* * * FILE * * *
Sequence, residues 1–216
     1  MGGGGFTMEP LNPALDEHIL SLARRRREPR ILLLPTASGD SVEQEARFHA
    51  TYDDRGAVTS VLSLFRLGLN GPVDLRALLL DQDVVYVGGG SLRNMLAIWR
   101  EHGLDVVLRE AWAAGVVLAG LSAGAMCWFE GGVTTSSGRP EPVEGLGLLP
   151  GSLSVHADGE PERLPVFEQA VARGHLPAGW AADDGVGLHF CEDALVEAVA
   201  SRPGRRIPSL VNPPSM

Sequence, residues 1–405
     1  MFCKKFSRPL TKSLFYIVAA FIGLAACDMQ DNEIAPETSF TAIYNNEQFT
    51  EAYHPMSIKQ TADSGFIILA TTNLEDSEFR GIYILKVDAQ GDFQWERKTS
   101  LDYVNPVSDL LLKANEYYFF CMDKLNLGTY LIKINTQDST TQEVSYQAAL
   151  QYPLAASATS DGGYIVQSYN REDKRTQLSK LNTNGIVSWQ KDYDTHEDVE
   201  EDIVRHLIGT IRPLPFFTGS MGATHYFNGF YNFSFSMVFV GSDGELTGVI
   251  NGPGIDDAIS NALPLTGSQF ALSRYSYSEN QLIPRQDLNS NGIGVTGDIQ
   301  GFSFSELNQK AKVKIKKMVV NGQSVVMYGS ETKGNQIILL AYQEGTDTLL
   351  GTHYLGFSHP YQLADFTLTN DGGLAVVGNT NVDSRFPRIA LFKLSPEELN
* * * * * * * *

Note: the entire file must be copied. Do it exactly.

Sequence, residues 1–216
     1  MGGGGFTMEP LNPALDEHIL SLARRRREPR ILLLPTASGD SVEQEARFHA
    51  TYDDRGAVTS VLSLFRLGLN GPVDLRALLL DQDVVYVGGG SLRNMLAIWR
   101  EHGLDVVLRE AWAAGVVLAG LSAGAMCWFE GGVTTSSGRP EPVEGLGLLP
   151  GSLSVHADGE PERLPVFEQA VARGHLPAGW AADDGVGLHF CEDALVEAVA
   201  SRPGRRIPSL VNPPSM

Sequence, residues 1–405
     1  MFCKKFSRPL TKSLFYIVAA FIGLAACDMQ DNEIAPETSF TAIYNNEQFT
    51  EAYHPMSIKQ TADSGFIILA TTNLEDSEFR GIYILKVDAQ GDFQWERKTS
   101  LDYVNPVSDL LLKANEYYFF CMDKLNLGTY LIKINTQDST TQEVSYQAAL
   151  QYPLAASATS DGGYIVQSYN REDKRTQLSK LNTNGIVSWQ KDYDTHEDVE
   201  EDIVRHLIGT IRPLPFFTGS MGATHYFNGF YNFSFSMVFV GSDGELTGVI
   251  NGPGIDDAIS NALPLTGSQF ALSRYSYSEN QLIPRQDLNS NGIGVTGDIQ
   301  GFSFSELNQK AKVKIKKMVV NGQSVVMYGS ETKGNQIILL AYQEGTDTLL
   351  GTHYLGFSHP YQLADFTLTN DGGLAVVGNT NVDSRFPRIA LFKLSPEELN